Technical credits are equally impressive. Director of Photography, Dante Spinotti fills the film with images highlighting the beauty of Los Angeles. There is a shot early in the film, when De Niro takes Amy Brenneman’s character up to his house in the hills and they look out from his balcony over the city. Thousands of tiny lights fill what looks like a vast ocean that stretches on to infinity. The film is littered with shots like this throughout. Spinotti also frames his shots with cool bluish hues as well as blacks and gun-metal grays. Everything looks sleek and modern. The photography speaks a language of its own. Similar praise should be given to Elliot Goldenthal’s beautiful score. Hauntingly melancholic as well as strikingly sensual, it fits the mood of the film like a glove. However, it all stops and starts with Michael Mann. A consummate professional, he has created a carefully controlled universe to spin this epic tale.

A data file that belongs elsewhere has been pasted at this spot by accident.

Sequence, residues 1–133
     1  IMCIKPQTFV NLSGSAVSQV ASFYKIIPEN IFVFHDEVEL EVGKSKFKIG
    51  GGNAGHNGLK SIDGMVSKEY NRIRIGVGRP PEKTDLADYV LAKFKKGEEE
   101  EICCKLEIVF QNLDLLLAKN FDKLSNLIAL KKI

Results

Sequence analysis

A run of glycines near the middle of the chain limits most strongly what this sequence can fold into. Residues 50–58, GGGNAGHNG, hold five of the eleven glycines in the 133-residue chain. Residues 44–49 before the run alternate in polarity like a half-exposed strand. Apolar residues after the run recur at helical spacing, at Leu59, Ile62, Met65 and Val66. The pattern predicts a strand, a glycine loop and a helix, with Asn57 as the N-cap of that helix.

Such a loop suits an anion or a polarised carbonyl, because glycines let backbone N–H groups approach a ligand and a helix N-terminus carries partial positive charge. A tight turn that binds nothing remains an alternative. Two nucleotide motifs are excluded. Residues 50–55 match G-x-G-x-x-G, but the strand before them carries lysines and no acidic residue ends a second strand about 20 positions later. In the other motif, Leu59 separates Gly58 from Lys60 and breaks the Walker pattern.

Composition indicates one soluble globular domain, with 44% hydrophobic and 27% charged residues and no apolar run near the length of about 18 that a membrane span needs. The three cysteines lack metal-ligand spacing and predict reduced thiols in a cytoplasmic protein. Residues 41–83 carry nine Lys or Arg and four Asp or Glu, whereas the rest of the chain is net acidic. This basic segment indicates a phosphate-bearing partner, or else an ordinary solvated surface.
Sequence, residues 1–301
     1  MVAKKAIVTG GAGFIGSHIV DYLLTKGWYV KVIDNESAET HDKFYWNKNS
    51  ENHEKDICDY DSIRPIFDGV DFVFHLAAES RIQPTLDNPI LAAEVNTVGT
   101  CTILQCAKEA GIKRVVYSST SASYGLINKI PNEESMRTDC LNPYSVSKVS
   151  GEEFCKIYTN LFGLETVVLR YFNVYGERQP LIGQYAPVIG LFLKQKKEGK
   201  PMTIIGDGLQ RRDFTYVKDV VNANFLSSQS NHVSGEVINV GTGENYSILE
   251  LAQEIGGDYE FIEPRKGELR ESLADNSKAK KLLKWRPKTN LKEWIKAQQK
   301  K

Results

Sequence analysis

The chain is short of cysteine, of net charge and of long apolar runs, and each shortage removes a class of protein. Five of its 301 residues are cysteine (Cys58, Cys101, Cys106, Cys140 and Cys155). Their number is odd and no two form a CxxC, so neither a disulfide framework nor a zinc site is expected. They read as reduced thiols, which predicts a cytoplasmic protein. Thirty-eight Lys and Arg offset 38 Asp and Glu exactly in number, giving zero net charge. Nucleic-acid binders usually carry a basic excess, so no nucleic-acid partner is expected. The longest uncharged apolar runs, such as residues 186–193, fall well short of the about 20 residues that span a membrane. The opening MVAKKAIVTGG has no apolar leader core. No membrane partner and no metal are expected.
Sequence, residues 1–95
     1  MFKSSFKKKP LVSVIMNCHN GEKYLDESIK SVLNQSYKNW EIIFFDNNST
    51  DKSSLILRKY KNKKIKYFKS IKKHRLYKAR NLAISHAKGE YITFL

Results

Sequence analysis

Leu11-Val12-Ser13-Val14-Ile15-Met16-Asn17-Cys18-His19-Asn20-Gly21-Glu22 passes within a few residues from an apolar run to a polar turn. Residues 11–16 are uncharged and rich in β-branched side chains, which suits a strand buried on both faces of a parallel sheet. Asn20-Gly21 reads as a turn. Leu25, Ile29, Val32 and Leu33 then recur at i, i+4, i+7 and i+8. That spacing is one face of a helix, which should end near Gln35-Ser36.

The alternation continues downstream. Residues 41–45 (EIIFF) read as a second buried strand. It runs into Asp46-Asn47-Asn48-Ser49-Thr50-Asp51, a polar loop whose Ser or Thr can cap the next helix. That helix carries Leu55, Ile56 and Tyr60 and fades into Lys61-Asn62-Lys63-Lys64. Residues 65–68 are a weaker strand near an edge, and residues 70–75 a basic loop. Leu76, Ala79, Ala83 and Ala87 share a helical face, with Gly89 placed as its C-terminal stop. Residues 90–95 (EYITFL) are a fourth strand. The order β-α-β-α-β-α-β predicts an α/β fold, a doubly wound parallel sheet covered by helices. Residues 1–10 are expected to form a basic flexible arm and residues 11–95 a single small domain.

The City of Angels is the perfect backdrop for this meditation on cops, criminals and the shattered messes they leave in their wake. Both a celebration and a deconstruction of the classic cops and robbers tale, Heat transcends the genre and reaches the rarified heights of a complex Greek Tragedy. Grade A (Masterpiece)